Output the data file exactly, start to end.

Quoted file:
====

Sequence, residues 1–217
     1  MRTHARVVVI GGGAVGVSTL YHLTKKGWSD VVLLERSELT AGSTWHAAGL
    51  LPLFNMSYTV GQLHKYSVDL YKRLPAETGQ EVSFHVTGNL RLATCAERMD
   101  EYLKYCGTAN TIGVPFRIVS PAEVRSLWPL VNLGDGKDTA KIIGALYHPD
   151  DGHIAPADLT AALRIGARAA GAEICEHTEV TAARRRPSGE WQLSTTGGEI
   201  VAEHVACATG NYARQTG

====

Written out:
Sequence, residues 1–217
     1  MRTHARVVVI GGGAVGVSTL YHLTKKGWSD VVLLERSELT AGSTWHAAGL
    51  LPLFNMSYTV GQLHKYSVDL YKRLPAETGQ EVSFHVTGNL RLATCAERMD
   101  EYLKYCGTAN TIGVPFRIVS PAEVRSLWPL VNLGDGKDTA KIIGALYHPD
   151  DGHIAPADLT AALRIGARAA GAEICEHTEV TAARRRPSGE WQLSTTGGEI
   201  VAEHVACATG NYARQTG